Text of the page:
[Top][All Lists]

[Date Prev][Date Next][Thread Prev][Thread Next][Date Index][Thread Index]

Re: Time/size complexity of APL algorithms

From: Dr . Jürgen Sauermann
Subject: Re: Time/size complexity of APL algorithms
Date: Mon, 17 Feb 2020 12:57:02 +0100
User-agent: Mozilla/5.0 (X11; Linux i686; rv:60.0) Gecko/20100101 Thunderbird/60.6.1

Hi Elias,

thank you very much for your suggestion. See my comments below.


On 2/17/20 8:11 AM, Elias Mårtenson wrote:
First of all, I hope Jürgen is OK with me posting about an APL-related topic that doesn't have anything directly to do with GNU APL. I'm doing this because this is the best place to find like-minded people. Sorry about that.

No problem, that's what bug-apl is made for.
The discussions around paralellisation let me to start thinking about ways to improve this in APL, and I was wondering if it would be possible to make a purely immutable APL implementation. If so, it would, at least in theory, bepossble to defer a lot of computations until a result is actually requested. This would be a lot easier to parallelise.

Not quite sure what purely immutable implementation means. Is it lazy
evaluation where the computation of the result is deferred until the
result is needed?
I hacked together a prototype which does this very thing. I've implemented some of the APL primitives that allows me to test different ideas.

Now, for my question: Do you have any examples of APL algorithms that are very slow, or uses a lot of memory? I want to know if my ideas actually work in practice.

I very much appreciate your focus on practical relevance. Over time I
have seen some proposals onthe web that were promising theoretical
improvements but were easily debunked when looking at the details.
What we should aim at is the total execution time of a real world APL
If you are curious: Certain things a good. For example: +/⍳N runs in constant space. Others are not good. For example, debugging is a nightmare since evaluation can happen at any time (or not at all, or multiple times).

+/⍳ is an example that was mentioned in the context of lazy evaluation
and it is a very good example for what we should NOT aim at. The good
news is that the time-complexity of +/⍳ ran be reduced from
O(N) down to O(1). Perfekt. Shall we optimize it? Certainly not. The
reason is that +/⍳ is simply a programming mistake. If a programmer
chooses to write +/⍳N instead of, for example, (-N-N×N)÷2, then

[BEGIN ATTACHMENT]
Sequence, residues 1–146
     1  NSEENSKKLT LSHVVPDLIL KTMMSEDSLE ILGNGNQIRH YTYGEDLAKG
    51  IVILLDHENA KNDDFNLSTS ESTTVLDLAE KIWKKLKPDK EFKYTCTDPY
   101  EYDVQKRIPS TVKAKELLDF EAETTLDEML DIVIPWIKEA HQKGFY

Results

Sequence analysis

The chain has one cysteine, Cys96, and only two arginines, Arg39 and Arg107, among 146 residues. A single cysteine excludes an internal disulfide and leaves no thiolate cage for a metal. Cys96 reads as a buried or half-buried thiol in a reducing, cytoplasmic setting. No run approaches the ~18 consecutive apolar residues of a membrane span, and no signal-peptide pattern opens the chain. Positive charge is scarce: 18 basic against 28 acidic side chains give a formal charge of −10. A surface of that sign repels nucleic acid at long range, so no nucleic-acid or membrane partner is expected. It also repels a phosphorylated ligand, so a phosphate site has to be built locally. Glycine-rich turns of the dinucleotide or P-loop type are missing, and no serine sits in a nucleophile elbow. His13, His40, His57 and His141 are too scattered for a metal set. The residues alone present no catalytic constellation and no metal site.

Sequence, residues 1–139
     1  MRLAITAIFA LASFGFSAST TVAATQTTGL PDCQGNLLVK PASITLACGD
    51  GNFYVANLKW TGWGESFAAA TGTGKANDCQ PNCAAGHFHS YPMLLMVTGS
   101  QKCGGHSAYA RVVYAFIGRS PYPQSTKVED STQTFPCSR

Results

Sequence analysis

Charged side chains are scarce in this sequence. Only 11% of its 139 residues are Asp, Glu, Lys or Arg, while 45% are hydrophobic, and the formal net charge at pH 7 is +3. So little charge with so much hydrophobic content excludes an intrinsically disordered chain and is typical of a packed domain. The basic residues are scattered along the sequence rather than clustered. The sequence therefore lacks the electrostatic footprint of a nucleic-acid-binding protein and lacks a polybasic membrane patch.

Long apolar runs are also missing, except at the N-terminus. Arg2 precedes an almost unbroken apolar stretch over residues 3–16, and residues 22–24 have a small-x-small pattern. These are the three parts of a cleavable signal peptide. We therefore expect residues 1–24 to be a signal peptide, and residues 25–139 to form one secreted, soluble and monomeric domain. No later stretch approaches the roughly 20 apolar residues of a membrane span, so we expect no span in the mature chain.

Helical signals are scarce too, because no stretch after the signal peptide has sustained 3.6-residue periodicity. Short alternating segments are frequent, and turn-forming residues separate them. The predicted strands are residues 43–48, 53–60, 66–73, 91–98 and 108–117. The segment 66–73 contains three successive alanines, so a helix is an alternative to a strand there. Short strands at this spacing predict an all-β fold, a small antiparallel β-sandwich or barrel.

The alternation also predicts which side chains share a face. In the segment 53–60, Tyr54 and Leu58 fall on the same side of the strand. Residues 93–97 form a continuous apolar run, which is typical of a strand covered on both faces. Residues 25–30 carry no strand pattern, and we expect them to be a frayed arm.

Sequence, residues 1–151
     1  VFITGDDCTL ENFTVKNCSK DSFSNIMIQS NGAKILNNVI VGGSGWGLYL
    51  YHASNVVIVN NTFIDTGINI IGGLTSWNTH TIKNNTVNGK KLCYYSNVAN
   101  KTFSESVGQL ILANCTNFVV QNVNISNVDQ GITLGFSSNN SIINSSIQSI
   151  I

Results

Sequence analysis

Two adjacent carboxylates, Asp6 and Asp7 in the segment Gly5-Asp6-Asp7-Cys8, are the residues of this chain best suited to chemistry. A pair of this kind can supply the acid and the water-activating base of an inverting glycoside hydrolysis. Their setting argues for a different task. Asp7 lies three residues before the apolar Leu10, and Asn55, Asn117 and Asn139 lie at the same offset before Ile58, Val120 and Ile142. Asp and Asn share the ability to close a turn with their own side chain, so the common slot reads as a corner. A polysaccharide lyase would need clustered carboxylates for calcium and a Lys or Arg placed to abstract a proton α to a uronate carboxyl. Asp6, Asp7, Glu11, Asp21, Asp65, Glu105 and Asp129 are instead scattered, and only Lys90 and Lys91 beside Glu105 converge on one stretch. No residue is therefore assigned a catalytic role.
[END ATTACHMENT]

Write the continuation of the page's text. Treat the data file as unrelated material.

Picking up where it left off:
improving on that is only fixing obvious mistakes rather than improving
APL. Already 9-year old Freddy Gauß knew how to compute +/⍳ so we
should require that an APL programmer knows it as well.

By coincidence, I was myself thinking about optimizing +/⍳ some years
ago (it is a rather low hanging fruit with an impressive speedup) but I
then dropped it due to its lack of practical relevance.
Also, x[N]←V is invalid code since arrays cannot be modified.

I suppose that modifying variables is a rather common programming
style in APL. Not allowing it for the sake of simpler parallelization can
easily fire back (increasing the total execution time or space).

The true challenge of parallelization is not to find faster implementations
for specific constructs like +/⍳ but to understand the  trade-offs between
the benefits of parallel execution on the one hand  and the (primarily
run-time) cost for them on the other.

In the +/⍳  example this is easy (although useless) since +/⍳ can be detected
statically (at ⎕FX time). However lazy evaluation in the general case has
far higher run-time cost than +/⍳ so it remains to be seen if those run-
time cost can ever be be amortized in a real-world application. Many of
the examples brought up by proponents of lazy evaluation have the
following design pattern:

1. create some large values,
2. perform a (due to the sizes expensive) computation on the values
3. discard most of the results computed in 2.

I strongly believe that optimizing such design patterns by the APL
interpreter (rather than by the APL programmer) is not worth the
effort and, more importantly, will not speed up APL.

reply via email to

[Prev in Thread] Current Thread [Next in Thread]